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Rosie's Book Review Team Tuesday Book Blog

#TuesdayBookBlog Rosie’s Book Review Team is 6 years old and we’re celebrating #RBRT

Hi all:

Rosie’s Book Review Team is six years old, and to celebrate it we’ve organised a bit of a blogging event. Rosie will be sharing the list of the 14 books best-loved by the team, in two posts (you must read them both, and you’ll find part 1 here and part 2 here), and the rest of the team members will be blogging about their experience over the years.

Those of you who have been following my blog for some time know that I’m a member of this fantastic group of people, and I’m sure you’ll have read many of the reviews I’ve written for the team. And if you use Twitter, you might have come across the team’s tag #RBRT.

Rosie Amber is a British blogger who has been reviewing books for quite a while, and as her popularity grew, and she started getting more and more requests for reviews, she had a brilliant idea. Rather than trying to review all the books she fancied that came her way and having to reject many more, she thought she would coordinate a team of reviewers, from different places, with different backgrounds and interests, and that would allow her to help authors and small publishers to find their perfect readers and would offer readers and reviewers and opportunity to discover new books and authors. (If you want to read her own words about it, here is a guest post she wrote recently on how to avoid blogging burnout). She mediates between the two, ensuring that the books are suitable and comply with certain standards of quality and keeping track of the books each reviewer has agreed to review and reminding them to do it in a timely manner. (That does not mean that reviewers have to review all the books they request.  They can opt-out as long as they can offer a reason for it, and Rosie will explain the reasons to the authors. They aren’t always happy, but most understand the rules). She also distributes the review copies, shares the review with the authors, keeps reviewers updated on all the new books that arrive, and publishes all the individual reviews on her blog. If you love reading, I can’t recommend her blog enough.

I joined the team five years ago. I had been reviewing books since shortly after I started publishing my own (in 2012), and I was particularly interested in discovering new independent authors. I reviewed books for an online magazine for a short while, but the books on offer were not always to my liking, and the reviews had to follow a strict format that didn’t particularly suit me. The same happened with another group of reviewers I tried, where the books by some authors seemed to be given priority over others, and we also had to follow a specific format that I didn’t particularly like. Although there were incentives, they didn’t compensate for the lack of freedom.

Photo by Clay Banks on Unsplash

I came across Rosie’s team through some of the authors and reviewers I followed, and I liked the standard of the reviews I read, the people involved, and the fact that I was only expected to read and review the book, but could follow my own criteria and style when writing the actual review. I get approached by many authors requesting reviews directly, but I like the fact that Rosie checks the requests, so I’m less likely to come across badly edited books, or be faced with authors who expect a good review no matter what. Some people don’t think authors should review books as well, but Rosie has never had a problem with that. On the other hand, the fact that she’s exclusively a reviewer works very well, in my opinion, as there are no grey areas or confusion possible. (And those of us who are authors in the group agreed that we would not submit our books to the group).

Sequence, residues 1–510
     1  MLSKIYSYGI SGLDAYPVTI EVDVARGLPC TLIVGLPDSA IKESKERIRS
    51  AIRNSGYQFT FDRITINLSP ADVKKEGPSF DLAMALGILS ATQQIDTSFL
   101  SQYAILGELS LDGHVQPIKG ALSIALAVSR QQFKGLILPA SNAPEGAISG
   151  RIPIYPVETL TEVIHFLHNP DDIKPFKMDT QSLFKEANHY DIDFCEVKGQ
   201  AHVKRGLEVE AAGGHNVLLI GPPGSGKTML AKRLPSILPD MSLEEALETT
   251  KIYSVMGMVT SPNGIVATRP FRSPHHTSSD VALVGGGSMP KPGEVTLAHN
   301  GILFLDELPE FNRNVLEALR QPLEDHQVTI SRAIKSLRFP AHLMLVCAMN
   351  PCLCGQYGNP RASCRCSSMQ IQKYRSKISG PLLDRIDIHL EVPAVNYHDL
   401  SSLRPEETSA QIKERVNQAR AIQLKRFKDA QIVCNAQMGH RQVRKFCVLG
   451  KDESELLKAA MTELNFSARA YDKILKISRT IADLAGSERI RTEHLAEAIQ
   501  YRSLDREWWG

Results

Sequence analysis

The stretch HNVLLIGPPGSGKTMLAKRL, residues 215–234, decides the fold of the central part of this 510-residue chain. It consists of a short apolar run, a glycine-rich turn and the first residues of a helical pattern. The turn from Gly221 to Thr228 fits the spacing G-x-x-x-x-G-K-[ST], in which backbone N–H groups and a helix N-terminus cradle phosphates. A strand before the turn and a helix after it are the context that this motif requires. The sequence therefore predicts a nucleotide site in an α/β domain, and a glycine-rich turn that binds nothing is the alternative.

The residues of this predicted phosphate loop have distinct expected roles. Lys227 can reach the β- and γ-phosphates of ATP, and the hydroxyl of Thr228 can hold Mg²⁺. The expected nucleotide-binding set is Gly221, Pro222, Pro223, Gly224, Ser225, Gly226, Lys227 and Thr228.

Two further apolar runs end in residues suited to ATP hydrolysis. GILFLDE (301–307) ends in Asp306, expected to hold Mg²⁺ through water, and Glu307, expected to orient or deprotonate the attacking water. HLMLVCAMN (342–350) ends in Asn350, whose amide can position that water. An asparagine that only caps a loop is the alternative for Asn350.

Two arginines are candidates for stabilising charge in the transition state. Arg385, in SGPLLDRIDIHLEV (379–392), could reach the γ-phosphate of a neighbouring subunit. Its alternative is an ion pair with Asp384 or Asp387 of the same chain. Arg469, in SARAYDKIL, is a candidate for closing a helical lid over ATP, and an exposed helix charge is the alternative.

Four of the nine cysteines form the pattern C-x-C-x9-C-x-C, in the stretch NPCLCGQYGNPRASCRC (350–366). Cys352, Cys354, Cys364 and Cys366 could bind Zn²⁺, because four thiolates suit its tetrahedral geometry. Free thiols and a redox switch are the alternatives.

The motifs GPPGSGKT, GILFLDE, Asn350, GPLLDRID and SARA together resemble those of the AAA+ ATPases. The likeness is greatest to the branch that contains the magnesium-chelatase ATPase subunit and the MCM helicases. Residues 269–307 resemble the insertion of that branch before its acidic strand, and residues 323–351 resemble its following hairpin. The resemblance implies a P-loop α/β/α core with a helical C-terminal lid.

Rosie reviews books, of course, but not exclusively those submitted to the group, and we all have our own likes and dislikes. I love the fact that our reviews are shared twice and not only once on our own blog; I’ve met fabulous bloggers and reviewers thanks to Rosie’s blog and the team; and I’ve discovered great books and authors, not only those I’ve chosen from her wonderful list of books but also those reviewed and recommended by some of the other members. Over the years I’ve come to learn which reviewers’ tastes are closer to mine, and there are some whose recommendation would make me pick up books even in genres I wouldn’t normally try. And I can tell you for a fact: when several of us cheer for a book, you can bet anything that it’s a great read!

Rosie and the rest of the team are always thinking of new initiatives to promote books, authors, and reading, and she organises an annual award given to the best books in the different categories, nominated and voted by the members of the team. Recently they’ve come up with an initiative, the #TuesdayBookBlog tag on Twitter, which we use on Tuesdays, and has been adopted by many other reviewers and writers (you’re also invited to join as well, as long as the post you’re sharing is related to books, but it has some quality content and it’s not only promotional).

I enjoy the ever-changing list of books available, the sense of belonging to a wonderful team and working together to encourage others to discover great books, the companionship and regular updates by other members, the sense of joint purpose, the joy at seeing how many authors keep coming back with their new books, and I also regularly refer authors whose books I’m sure other members of the team will enjoy, even if they aren’t for me. Knowing that Rosie and her team are there and have my back is a great feeling and makes me feel happy, especially in times of crisis, when nothing seems certain or secure. It’s been six years, but I hope we’ll celebrate many more anniversaries, and we’ll keep sharing many more reviews. (Oh, and of course, we also post the reviews on Amazon, Goodreads, and the favourite sites of each reviewer).

And, now, if you’ve liked how the team sounds, make sure to check Rosie’s blog (I know she’s very modest, so I won’t go into all the awards she’s been nominated for or anything like that). We’re always happy to discover new authors (this is the page with all the details), and we always welcome reviewers (you can find out more here), so, what are you waiting for?